The Best Scary Movies on Netflix

By Phill Powell

Netflix has so many horror movies to choose from, it can be difficult knowing what to pick. But here’s a potent handful of scary flix that are streaming right now on Netflix. Watch if you dare…

The Babadook (2014)

Now you see him. Now you don’t…

Struggling single mom Amelia can’t get any sleep due to her busy work schedule and her even busier son Sam, who’s convinced monsters lurk everywhere. Amelia is already wigging out when she finds a bizarre children’s book that starts haunting her and Sam. Enter Mr. Babadook, an evil spirit…or is sleep deprivation slowly driving Amelia insane?

There’s already plenty of buzz that this is a new classic. Master horror director William Friedkin claimed, “I’ve never seen a more terrifying film than The Babadook.” And he made The Exorcist!

Another Babadook fan: Horror writer Stephen King, who called it, “Deeply disturbing and highly recommended. You don’t watch it so much as experience it.” (Probably should be neither watched nor experienced by young children.)

Below (2002)

Funnyman Zach Galifianakis is wondering why his agent signed him up for a war movie/ghost story.

What if you were trapped with ghosts while under the waves as part of a submarine crew? Where would you go to escape? Those are the unsettling questions posed by Below.

During WWII, a U.S. sub picks up survivors of a boat sinking. Then weird stuff starts happening. Like a lot. Stranger still is the dramatic appearance of a pre-Hangover Zach Galifianakis.

The weirdest moment of all comes when one crewman gets so spooked by seeing a ghost onboard that he runs right out the sub’s torpedo hatch, preferring an instant death by drowning. Now that’s scared.

The Host (2006)

Armies of visual effects artists created the river monster that terrorizes Seoul, Korea in The Host.

The craziest “creature feature” of this century mixes a Korean river monster (about the size of a small truck) with a comedy about a dysfunctional family. Think Little Miss Godzilla.

Director Bong Joon Ho’s breakthrough movie – the most successful in Korean history – is many things at once: horror film, action flick, family comedy, political satire, etc.

The performances by the family members are incredible, as is the CGI title creature, a big mutated lizard with a strange mouth and frog-like skin. Words can’t really do it justice. You just gotta see it in action – especially during the ultra-intense initial monster-attack scene.

(Hint: We’ve watched The Host in Korean with subtitles and in dubbed English. The first way is funnier.)

The Harvest (2013)

Things get very dark indeed in The Harvest

The only monsters in The Harvest are human – but they’re more than enough. New kid on the block tries to get close to a very ill neighbor boy, who is treated at home by his mother and father (who work as a doctor and nurse, respectively).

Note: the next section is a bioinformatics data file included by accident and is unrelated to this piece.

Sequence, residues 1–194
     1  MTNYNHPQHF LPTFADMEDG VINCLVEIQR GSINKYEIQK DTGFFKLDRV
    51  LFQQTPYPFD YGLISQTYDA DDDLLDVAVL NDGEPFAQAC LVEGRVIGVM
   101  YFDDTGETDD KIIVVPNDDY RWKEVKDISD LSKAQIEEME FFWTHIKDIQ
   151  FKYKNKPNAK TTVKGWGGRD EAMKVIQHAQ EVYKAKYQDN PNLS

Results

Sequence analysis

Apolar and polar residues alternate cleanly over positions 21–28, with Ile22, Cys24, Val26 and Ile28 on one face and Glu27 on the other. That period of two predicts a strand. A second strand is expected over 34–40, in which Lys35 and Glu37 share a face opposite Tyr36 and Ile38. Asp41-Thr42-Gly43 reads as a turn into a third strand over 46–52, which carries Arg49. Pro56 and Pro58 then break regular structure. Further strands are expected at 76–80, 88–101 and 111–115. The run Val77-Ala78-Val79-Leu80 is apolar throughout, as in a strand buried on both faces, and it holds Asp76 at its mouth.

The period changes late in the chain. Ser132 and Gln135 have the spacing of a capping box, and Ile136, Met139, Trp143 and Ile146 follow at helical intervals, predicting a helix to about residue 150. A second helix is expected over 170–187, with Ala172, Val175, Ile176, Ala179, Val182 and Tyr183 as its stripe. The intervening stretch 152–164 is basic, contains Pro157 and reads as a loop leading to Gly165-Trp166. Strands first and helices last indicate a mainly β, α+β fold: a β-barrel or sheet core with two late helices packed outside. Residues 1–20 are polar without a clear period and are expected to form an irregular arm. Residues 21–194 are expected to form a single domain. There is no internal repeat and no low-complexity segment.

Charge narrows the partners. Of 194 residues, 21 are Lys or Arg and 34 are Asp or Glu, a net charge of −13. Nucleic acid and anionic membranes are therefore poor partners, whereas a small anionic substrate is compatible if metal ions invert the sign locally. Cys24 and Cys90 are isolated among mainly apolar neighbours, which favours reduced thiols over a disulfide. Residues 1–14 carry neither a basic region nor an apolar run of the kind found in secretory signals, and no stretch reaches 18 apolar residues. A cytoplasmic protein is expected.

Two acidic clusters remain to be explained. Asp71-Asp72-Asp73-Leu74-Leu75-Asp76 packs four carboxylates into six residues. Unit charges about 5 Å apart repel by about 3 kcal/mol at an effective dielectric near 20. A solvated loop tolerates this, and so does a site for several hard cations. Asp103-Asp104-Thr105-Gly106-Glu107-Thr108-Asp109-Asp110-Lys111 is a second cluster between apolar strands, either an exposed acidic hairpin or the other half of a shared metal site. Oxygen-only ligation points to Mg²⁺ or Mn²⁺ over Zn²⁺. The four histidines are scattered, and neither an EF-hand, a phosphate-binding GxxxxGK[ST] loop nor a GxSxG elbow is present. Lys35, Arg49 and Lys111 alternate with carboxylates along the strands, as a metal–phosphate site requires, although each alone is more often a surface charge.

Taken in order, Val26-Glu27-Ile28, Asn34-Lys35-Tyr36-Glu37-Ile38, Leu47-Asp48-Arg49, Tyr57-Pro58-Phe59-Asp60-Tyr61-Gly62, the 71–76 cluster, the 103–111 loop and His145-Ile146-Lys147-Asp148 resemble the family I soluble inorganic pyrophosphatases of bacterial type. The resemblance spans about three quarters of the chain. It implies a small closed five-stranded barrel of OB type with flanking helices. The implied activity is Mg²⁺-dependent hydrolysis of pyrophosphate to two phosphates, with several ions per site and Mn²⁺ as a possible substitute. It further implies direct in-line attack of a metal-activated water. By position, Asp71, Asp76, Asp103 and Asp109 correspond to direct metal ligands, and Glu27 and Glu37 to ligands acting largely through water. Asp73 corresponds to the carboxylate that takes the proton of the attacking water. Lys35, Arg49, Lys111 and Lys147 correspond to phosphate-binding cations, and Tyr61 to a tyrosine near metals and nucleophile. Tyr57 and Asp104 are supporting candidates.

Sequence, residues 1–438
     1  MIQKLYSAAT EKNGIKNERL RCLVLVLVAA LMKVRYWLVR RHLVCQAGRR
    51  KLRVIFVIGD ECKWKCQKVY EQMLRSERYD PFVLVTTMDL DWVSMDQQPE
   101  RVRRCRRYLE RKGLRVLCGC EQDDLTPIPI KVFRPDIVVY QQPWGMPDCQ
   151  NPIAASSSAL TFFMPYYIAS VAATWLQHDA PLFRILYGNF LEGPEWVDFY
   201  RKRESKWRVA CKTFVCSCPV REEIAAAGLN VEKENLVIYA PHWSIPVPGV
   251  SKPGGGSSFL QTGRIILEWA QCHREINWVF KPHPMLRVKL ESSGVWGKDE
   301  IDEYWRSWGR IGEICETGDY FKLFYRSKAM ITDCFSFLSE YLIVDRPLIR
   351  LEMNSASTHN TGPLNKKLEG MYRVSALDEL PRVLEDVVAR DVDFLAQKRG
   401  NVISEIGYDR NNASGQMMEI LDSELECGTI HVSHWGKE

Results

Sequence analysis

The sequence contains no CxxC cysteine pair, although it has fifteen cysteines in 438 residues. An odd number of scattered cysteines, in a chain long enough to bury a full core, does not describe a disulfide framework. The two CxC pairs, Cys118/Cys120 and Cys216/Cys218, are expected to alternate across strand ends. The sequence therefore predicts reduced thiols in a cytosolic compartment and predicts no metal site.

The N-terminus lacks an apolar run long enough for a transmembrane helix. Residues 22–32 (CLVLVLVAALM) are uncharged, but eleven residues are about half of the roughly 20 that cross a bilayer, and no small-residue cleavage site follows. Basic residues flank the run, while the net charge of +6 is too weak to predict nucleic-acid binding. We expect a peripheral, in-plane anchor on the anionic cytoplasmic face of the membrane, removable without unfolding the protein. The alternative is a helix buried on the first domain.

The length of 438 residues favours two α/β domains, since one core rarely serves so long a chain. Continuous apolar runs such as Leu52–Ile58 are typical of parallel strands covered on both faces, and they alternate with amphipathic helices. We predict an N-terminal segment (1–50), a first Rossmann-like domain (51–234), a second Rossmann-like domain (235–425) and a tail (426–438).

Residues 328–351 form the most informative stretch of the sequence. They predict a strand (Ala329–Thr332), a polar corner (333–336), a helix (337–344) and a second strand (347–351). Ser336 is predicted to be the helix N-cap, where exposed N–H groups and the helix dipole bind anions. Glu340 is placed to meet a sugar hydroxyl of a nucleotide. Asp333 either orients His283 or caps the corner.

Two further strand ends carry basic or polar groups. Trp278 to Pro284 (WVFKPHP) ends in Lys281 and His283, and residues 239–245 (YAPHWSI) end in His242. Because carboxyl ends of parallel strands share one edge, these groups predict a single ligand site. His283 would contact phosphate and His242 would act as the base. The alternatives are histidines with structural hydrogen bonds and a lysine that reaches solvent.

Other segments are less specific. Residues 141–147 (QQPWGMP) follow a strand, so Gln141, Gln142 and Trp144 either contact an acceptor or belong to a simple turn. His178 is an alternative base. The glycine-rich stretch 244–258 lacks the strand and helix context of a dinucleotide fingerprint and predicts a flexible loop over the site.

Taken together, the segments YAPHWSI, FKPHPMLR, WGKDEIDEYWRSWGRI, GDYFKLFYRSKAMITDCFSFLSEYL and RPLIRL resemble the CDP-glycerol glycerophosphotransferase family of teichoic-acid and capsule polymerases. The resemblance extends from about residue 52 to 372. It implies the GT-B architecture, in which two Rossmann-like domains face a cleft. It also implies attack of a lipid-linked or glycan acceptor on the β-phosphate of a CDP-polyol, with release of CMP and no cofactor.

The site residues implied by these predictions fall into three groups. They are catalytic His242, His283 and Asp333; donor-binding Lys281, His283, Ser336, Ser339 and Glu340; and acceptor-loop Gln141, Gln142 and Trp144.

Oddly, the parents don’t want their shut-in son to have any visitors, or any other human contact except for what they provide him. The new kid keeps trying to unravel the big mystery here, and when she does, it will definitely blow your mind.

This film features brilliant acting and one of the most bizarre premises you may ever see in any horror movie. No quick “funhouse” shocks like Paranormal Activity, but it’s got a revelation that’s such a stunner, don’t be alarmed when your mouth suddenly opens. That’s just your jaw dropping in amazement.

The Sixth Sense (1999)

The_Sixth_Sense copy
You’d need an elaborate religious shrine in your bedroom, too, if you saw dead people coming to life.

And finally, one from the Classics bin. The Sixth Sense came out of nowhere and floored movie audiences, earning $680 million worldwide. The premise is simple: Young Cole (Haley Joel Osment) has a special gift that allows him to see dead people as if they were still alive, in the midst of living people who don’t realize the presence of the dearly departed.

Bruce Willis is a noted child psychologist who tries to help Cole figure out why he has this ability and what it all means. Along the way Cole encounters a series of living corpses, with whom he interacts and even tries to help.

The film’s twist ending is extremely simple yet highly effective. Director M. Night Shyamalan hasn’t been able to duplicate the wild success of The Sixth Sense, but that’s partially because movies like this one don’t just happen everyday. They are rare and worth remembering.


Filmmakers have made a fine art out of scaring us, and replicating our deepest nightmares. This coming summer you can discover filmmaking for yourself and see if it’s really as fun and rewarding as you think it is. Find out at one of Digital Media Academy’s summer tech camps that specializes in filmmaking and visual effects.

At DMA, you can take part in an actual production, and try on the different roles found on a production crew. And you’ll do this in a relaxed and fun setting with other kids and teens who share your creative interests. Check out DMA’s summer film camps today!

Happy hauntings…from DMA!